US Secretary of State Mike Pompeo next week will become the first senior foreign official to visit Israel since it put in place strict travel restrictions to stem the spread of the coronavirus.
Pompeo’s visit will require medical precautions to prevent infections, which were coordinated with Israeli officials, Israel’s Channel 13 reported Friday.
Dr. William Walters, the US State Department’s deputy chief medical officer, said Friday that everyone flying with Pompeo will be tested for the virus one or two days before the flight, will be checked for symptoms before boarding, and will wear face coverings during the trip.
Pompeo and his small traveling party will be exempt from Israel’s virus restrictions that bar foreign visitors from entering and require returning Israelis to self-quarantine for 14 days. Pompeo is currently undergoing daily checks by medical personnel, Walters said.
Pompeo will be on the ground in Israel for only several hours on Wednesday before returning to Washington from his first overseas trip since making an unannounced visit to Afghanistan in March.
Everyone who meets with the US team during the trip will be checked for COVID-19 symptoms. Pompeo’s movements will be strictly controlled and limited to working meetings and the airport, and he will not meet with anyone in public settings.
The visit announcement comes amid concerns over the virus spreading in the White House. Katie Miller, US Vice President Mike Pence’s press secretary, tested positive for COVID-19 on Friday. On Thursday, White House officials confirmed that a member of the military serving as one of US President Donald Trump’s valets had tested positive for the virus.
The trip is expected to focus on Prime Minister Benjamin Netanyahu’s plans to annex portions of the West Bank, the US State Department said Friday.
Pompeo will see Netanyahu and his new coalition partner Benny Gantz as the Trump administration tries to return to business as normal by resuming governmental travel and reopening an economy devastated by the COVID-19 outbreak.
Pompeo will “discuss US and Israeli efforts to fight the COVID-19 pandemic, as well as regional security issues related to Iran’s malign influence,” spokeswoman Morgan Ortagus said in a statement.
The top US diplomat for the Middle East, David Schenker, declined to comment on the status of the annexation discussions, noting that a joint US-Israeli mapping committee had not yet completed its work in determining the specific boundaries that might be proposed by Israel or accepted by the United States.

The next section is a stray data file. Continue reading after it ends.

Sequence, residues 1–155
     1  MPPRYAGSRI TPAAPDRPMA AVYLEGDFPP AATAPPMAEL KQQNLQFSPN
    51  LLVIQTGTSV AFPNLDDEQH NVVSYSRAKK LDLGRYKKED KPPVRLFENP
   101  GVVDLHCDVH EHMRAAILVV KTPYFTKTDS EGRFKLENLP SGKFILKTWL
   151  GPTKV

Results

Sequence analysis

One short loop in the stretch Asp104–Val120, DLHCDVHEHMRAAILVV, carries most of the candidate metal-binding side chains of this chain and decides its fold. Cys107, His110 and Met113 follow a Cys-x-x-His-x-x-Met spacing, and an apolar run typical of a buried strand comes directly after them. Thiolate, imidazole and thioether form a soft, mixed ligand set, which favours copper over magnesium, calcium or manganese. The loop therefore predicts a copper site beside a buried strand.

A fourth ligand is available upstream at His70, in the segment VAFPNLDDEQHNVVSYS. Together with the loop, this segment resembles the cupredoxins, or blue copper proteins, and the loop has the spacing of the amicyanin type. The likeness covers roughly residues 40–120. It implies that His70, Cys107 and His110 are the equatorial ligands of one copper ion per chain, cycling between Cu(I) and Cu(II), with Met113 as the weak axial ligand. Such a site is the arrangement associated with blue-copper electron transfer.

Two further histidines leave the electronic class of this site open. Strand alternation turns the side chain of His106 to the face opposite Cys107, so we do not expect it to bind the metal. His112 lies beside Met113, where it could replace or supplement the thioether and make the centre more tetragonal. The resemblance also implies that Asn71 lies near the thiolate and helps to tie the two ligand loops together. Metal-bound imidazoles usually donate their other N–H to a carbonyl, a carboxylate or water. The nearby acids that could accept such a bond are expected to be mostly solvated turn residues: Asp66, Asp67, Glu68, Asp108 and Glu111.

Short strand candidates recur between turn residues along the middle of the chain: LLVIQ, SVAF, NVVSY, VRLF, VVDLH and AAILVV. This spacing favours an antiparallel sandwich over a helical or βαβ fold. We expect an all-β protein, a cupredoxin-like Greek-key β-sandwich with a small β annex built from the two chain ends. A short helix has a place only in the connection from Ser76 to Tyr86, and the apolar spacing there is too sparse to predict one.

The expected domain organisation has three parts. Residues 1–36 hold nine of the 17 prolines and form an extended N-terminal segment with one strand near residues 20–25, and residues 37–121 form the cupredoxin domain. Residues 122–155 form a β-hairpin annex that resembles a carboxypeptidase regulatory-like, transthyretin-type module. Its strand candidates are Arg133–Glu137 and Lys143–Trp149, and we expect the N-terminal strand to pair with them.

Alone among most governments, the Trump administration has said it will support the annexation of West Bank territory claimed by the Palestinians for an eventual state as long as Israel agrees to enter peace talks with the Palestinians.
Pompeo’s arrival will coincide with the swearing-in of Israel’s new government, which is expected to be formally installed on May 13. Schenker said the trip to Israel was in the works before it became clear that the swearing in ceremony would happen on the same day.
After battling to a stalemate in three inconclusive elections over the past year, Netanyahu and his chief rival, former army chief Gantz, last month agreed to form a joint government.
Under the deal, Netanyahu will serve as prime minister while Gantz will hold the new position of “alternate prime minister,” giving each side effective veto power over the other. The pair agreed to trade positions after 18 months.
Their “emergency” government is meant to focus on the coronavirus crisis during its first six months. But their coalition agreement also permits Netanyahu to introduce an annexation proposal to the government after July 1, even if Gantz objects.
Annexation advocates believe they have a narrow window to redraw the Mideast map before November’s US presidential election. They also believe it would give Trump a boost with pro-Israel voters, particularly the politically influential evangelical Christian community. The presumptive Democratic nominee, Joe Biden, has said he opposed unilateral moves by Israel in keeping with what had been decades of US policy prior to Trump.
The annexation agreement says that any step must be coordinated with the US while also keeping regional stability and peace agreements in consideration.
Netanyahu’s plan to annex portions of the West Bank has been met with harsh criticism from nearly the entire international community, including Washington’s European allies and key Arab partners, with the prominent exception of the United States. Trump’s much-vaunted Mideast peace plan allows for the possibility of US recognition of such annexations provided Israel agrees to negotiate under the framework of the proposal that was unveiled in January.
That plan calls for the creation of a Palestinian state but gives it limited autonomy on a fraction of the land it has sought. The Palestinians have rejected the proposal outright.